The first unit of study at SCS, The Study of the Universe, involves the exploration of matter, energy, and the solar system. This study will culminate in an Astronomy Night at the school. Next, students investigate the features of our planet, including the work of air, land, and water, in The Study of Earth. Culminating service-oriented projects will result in Sigsbee Day at Fort Zachary Taylor State Park. The final unit, the Study of the Sea, will cover all of the life science standards through a marine science lens. At the culmination of the school year, students will synthesize their scientific knowledge by participating in a school-wide Kids Inquiry Conference. The Sigsbee Kids Inquiry Conference is an event where, similar to adult scientists, students will share the results of their own scientific explorations, learn from the investigations of others, and pose new questions to be studied. The Kids Inquiry Conference will close the circle of investigation, with students prepared to launch the next exploratory cycle of inquiry the following school year.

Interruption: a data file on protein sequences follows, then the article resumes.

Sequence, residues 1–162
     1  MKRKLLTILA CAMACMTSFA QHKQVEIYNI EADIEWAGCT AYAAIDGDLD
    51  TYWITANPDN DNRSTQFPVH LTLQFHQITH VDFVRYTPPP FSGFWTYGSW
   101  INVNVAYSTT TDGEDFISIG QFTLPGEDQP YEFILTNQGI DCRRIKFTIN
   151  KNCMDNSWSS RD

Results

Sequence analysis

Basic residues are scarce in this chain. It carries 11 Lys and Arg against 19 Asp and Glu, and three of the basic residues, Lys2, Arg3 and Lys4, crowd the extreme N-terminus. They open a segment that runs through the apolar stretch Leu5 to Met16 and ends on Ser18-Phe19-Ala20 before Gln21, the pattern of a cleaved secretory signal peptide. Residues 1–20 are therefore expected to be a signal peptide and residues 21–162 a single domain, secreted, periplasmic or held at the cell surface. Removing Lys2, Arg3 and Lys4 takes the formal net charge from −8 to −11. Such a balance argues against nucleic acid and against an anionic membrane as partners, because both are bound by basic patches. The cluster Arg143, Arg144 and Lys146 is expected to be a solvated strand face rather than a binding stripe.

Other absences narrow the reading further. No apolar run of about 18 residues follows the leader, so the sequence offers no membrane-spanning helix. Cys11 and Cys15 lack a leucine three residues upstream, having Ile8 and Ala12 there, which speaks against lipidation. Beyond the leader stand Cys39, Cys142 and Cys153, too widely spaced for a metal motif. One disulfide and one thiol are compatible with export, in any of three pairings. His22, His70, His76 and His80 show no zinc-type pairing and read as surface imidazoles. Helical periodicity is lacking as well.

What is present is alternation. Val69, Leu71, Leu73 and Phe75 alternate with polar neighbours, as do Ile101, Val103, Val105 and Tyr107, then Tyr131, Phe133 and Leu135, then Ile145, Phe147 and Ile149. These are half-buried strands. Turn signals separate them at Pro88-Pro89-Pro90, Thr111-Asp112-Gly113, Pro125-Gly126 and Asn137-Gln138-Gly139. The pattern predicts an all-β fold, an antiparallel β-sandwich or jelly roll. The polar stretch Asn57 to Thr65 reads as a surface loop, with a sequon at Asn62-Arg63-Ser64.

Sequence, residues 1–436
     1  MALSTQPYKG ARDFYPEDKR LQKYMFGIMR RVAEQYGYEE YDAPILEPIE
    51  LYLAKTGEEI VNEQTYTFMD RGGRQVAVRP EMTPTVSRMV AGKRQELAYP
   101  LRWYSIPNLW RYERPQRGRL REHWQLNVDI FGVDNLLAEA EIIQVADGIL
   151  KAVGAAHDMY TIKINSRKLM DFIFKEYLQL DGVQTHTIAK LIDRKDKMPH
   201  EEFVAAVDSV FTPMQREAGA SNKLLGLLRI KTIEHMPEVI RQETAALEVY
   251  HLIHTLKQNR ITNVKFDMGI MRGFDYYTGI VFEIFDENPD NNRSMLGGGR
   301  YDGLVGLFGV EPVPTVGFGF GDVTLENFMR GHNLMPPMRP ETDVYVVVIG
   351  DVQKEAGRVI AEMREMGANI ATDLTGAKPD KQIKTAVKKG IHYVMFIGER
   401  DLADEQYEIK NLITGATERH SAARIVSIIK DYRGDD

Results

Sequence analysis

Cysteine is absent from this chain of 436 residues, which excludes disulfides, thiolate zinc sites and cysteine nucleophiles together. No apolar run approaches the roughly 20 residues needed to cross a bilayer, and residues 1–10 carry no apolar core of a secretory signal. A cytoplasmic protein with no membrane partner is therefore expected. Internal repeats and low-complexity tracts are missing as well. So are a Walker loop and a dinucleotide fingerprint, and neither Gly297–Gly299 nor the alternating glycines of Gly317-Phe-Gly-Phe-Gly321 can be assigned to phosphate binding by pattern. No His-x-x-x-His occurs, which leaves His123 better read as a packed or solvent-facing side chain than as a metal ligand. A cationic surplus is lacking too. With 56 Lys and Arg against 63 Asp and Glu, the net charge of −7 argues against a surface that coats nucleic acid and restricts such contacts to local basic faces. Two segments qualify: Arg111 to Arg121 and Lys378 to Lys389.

In the spring, Sigsbee students participate in standardized testing, which measures criterion-referenced achievement. Third through eighth graders partake in Florida’s FCAT and FSA examinations. Middle school students also complete the End-Of-Course exams for several subjects (see middle school webpage). SCS follows all state assessment mandates including the mandatory retention of third grade students based on the third grade FSA score.
Parent/teacher conferences are formally held twice a year to inform and discuss students’ progress. Parents are given information about their child's progress using the SCS Reading and Writing Continuums. Report cards are sent home at the semester and the end of year. Parents/guardians are welcome to request additional conferences to discuss student's achievement.